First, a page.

In your case your memtable is not full as memtable thresholds are not bleached yet resulting to no flushing. You can know more about MemtableThresholds here though it is recommended not to touch that Dial.

SSTableStructure:

  • Your data folder
    • KEYSPACE
      • CF
        • CompressionInfo.db
        • Data.db
        • Filter.db
        • Index.db
        • Statistics.db
        • snapshots //if snapshots are taken

For more information Refer sstable

share|improve this answer
    
Thanks a lot for the detailed explanation. That clears most of my doubt but came across some more question. :) . Hope you don't mind answering those as well. Firstly, You mentioned it goes to an in-memory table structure called a memtable. Is there any location of these table structure where I can see how it looks like? And what it contains actually? Secondly, you mentioned it gets written to sstable only when memtable runs out of space. So in my case, I cannot see sstable being created inside data folder. I have created users as the columns family and I inserted two rows into that. –  lining Apr 7 '13 at 20:31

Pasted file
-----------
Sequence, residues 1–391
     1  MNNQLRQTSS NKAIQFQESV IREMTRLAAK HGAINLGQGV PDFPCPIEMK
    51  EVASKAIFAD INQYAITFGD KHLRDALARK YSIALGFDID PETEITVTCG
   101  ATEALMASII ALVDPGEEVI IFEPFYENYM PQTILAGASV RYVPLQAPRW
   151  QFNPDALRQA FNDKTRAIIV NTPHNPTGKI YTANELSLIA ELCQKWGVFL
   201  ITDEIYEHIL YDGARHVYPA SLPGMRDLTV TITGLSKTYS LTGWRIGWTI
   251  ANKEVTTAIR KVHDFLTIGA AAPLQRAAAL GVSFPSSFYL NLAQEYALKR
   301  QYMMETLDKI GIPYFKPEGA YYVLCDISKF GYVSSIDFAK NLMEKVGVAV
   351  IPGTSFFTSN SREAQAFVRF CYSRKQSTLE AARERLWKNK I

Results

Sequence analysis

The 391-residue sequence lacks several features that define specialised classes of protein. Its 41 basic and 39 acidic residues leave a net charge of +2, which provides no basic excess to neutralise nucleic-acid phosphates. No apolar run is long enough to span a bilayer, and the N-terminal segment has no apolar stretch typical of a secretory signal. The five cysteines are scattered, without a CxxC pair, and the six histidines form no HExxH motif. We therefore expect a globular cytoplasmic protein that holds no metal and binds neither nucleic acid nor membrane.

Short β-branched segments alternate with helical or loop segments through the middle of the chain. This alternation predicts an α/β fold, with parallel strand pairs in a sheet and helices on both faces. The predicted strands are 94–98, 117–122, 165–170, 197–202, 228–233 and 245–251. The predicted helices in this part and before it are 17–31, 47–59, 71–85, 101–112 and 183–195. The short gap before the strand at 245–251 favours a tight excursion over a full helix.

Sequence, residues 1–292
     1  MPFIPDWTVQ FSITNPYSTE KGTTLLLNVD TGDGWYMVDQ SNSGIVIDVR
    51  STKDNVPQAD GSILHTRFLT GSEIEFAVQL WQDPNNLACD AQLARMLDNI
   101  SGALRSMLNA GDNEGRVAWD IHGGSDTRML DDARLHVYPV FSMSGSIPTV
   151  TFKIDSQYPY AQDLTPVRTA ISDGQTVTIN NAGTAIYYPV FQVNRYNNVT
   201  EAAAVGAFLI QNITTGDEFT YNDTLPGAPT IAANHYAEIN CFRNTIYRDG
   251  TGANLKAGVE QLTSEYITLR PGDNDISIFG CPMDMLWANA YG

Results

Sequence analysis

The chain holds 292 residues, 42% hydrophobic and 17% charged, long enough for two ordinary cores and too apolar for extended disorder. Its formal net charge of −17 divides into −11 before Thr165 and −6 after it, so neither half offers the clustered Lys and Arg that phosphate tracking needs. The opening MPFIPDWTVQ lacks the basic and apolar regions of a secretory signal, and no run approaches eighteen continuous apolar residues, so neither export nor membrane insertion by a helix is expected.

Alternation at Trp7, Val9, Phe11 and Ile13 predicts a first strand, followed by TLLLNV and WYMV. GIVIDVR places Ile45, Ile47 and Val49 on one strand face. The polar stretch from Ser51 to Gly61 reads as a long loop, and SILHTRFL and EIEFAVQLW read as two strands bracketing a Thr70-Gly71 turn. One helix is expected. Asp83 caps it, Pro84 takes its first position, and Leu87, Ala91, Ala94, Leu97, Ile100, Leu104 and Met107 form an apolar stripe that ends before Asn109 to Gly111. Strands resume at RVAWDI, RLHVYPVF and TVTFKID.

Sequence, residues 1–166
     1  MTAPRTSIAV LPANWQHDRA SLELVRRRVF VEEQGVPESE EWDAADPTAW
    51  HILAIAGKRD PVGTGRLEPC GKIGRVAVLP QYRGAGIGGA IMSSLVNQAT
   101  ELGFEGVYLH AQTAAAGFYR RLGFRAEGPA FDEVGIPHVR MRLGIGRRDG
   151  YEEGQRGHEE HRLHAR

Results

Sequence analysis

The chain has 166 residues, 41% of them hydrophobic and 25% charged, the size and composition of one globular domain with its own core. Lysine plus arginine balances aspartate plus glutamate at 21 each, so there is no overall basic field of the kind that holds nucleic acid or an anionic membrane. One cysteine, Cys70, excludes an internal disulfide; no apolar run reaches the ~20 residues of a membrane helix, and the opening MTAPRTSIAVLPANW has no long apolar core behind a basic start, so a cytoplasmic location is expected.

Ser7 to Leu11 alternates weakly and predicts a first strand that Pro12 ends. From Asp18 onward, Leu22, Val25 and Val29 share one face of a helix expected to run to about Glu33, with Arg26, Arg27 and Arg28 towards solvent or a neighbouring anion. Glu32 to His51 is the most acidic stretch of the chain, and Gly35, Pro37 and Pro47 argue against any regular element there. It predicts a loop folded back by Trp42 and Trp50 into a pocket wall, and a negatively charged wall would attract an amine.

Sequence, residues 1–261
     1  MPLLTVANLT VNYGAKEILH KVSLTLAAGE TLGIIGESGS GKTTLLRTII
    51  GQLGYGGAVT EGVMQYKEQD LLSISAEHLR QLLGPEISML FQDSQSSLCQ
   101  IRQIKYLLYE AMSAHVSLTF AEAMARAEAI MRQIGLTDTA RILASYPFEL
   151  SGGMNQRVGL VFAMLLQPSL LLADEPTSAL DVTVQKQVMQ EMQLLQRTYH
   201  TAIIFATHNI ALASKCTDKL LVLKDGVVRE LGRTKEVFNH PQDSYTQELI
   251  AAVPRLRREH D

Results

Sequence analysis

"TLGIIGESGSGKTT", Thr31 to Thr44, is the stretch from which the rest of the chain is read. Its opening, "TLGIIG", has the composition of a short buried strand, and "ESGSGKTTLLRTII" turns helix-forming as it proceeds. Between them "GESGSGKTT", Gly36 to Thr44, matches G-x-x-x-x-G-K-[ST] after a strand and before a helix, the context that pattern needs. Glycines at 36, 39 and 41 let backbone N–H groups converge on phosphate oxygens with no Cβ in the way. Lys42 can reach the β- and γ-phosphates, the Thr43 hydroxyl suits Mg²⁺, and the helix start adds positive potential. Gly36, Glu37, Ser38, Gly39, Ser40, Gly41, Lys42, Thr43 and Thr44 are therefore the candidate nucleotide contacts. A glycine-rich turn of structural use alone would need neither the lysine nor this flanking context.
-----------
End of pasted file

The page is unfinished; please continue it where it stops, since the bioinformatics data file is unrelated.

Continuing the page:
Continuation, from above. It might be possible that memtable is not full in my case as I inserted two rows and that's why it is not flushed to SSTable right? And I have updated my question with the code I am working with to insert into Cassandra database. Thirdly, In my case, If I need to see SSTable and how it looks like and what it contains? then I need to make sure memtable is full then only it will flush out to SSTable right and then it will get created inside data folder? If yes, how can I make sure memtable is full from my program? –  lining Apr 7 '13 at 20:34
    
@TechGeeky see the update section –  abhi Apr 8 '13 at 6:02
1  
@abhi who told you commit logs are encrypted? It would had affected performance. I can read them in Cassandra 1.2.4 –  Andy Jun 6 '13 at 14:03